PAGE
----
Juvenile macular degeneration (JMD) is a broad term used to describe several eye disorders that primarily affect infants, children, and young adults. These conditions are associated with genetic mutations that affect the macula and cause malfunction and eventual death of cone cells, which are responsible for central vision.
Types of JMD
Stargardt's disease is the most common type of JMD and affects one in 10,000 people. Symptoms usually develop between the ages of 7 and 12, although some people do not experience visual impairment until their 30s or 40s. Manifestation of Stargardt's includes yellow spots composed of the pigment lipofuscein, scarring of the macula, and central vision loss.
Most patients with Stargardt's experience central vision loss by the time they reach adulthood. The progression of visual loss varies, but one study found that by age 50, one-half of participants had reached legal blindness. In late stages of the disease, color vision may also be impaired.
Stargardt's disease is an inherited autosomal recessive syndrome, which means that both parents carry the defective gene but have normal retinas. There is a 25 percent chance that their child will be born with Stargardt's disease. Children who are unaffected are unlikely to pass along the trait, unless they have a child with someone who has Stargardt's or carries the gene.
A variation of this disorder is fundus flavimaculatus. Symptoms are similar, but the eye shows yellow-white spots and flecks of various shapes and minimal changes in the macula. Fundus flavimaculatus has a more favorable prognosis and symptoms often do not develop until young adulthood.
Best's vitelliform retinal dystrophy is the second most common type of JMD. The age of onset and severity of symptoms vary greatly, even among family members and it is usually diagnosed during childhood or adolescence.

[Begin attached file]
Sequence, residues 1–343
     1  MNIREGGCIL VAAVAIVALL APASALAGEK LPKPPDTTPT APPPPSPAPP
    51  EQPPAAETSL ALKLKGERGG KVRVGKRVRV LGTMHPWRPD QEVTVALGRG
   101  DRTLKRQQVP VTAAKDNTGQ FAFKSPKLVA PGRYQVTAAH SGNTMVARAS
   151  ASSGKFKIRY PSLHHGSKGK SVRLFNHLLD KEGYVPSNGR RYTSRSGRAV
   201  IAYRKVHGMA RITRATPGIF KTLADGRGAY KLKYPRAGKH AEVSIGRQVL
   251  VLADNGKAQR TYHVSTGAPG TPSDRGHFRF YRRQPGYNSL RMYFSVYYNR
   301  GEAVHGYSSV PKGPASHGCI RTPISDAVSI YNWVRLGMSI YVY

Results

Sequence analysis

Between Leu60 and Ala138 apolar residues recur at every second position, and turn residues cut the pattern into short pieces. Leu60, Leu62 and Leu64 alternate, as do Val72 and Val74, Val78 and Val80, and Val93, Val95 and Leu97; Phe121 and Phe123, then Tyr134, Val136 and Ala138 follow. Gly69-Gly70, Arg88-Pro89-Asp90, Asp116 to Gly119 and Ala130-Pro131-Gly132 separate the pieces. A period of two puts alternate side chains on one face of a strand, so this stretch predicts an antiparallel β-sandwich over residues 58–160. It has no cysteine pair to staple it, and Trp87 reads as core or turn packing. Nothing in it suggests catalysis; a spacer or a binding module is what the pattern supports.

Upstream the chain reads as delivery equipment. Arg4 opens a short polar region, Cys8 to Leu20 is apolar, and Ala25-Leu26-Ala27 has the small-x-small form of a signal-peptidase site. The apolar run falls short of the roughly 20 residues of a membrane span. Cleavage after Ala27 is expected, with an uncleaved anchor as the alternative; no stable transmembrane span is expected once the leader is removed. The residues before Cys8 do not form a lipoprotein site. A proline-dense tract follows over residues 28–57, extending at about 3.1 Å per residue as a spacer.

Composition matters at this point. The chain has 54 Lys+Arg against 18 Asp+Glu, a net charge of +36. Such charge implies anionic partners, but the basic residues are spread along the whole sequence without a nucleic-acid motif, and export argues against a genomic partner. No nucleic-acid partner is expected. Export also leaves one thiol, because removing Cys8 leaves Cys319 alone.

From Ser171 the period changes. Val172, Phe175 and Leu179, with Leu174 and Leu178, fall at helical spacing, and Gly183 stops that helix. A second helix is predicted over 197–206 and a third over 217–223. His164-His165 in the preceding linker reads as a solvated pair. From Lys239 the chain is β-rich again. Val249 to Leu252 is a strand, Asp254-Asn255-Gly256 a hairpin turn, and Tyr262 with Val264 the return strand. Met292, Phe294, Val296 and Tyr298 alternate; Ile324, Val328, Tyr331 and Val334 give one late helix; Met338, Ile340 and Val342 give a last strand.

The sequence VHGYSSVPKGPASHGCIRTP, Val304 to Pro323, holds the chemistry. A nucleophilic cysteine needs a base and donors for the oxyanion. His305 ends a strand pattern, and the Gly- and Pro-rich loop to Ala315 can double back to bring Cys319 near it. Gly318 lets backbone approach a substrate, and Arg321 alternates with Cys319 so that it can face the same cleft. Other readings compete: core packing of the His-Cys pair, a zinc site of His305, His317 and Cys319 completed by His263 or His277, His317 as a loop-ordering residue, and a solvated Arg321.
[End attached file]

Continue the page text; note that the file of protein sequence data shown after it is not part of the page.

In its early stages, a large, yellow, cyst-like drusen resembling an egg yolk forms under the retinal pigment epithelial (RPE) cells. Despite the cyst, vision often remains normal, or nearly normal, for many years. Eventually the cyst ruptures and the fluid and yellow deposits spread beneath the macula.
Once the cyst ruptures, degeneration of the macula and RPE cells begins, causing vision loss. Central vision may deteriorate to about 20/100 later in life. Peripheral vision usually remains unaffected, and Best's does not always affect both eyes equally. Many patients retain good central vision in at least one eye and sometimes, Best's disease does not cause significant central vision loss.
It has an autosomal dominant pattern of inheritance, which means that an affected person has one Best gene, paired with one normal gene. Affected individuals have a 50 percent chance of passing the disease-causing gene to a child, even if their partner is unaffected.
JMD Treatment and Prevention
There is no treatment for JMD disorders. The disorders that cause neovascularization and leakage may respond to laser treatment, but there are no standard therapies.
Genetic testing and counseling may assist with family planning.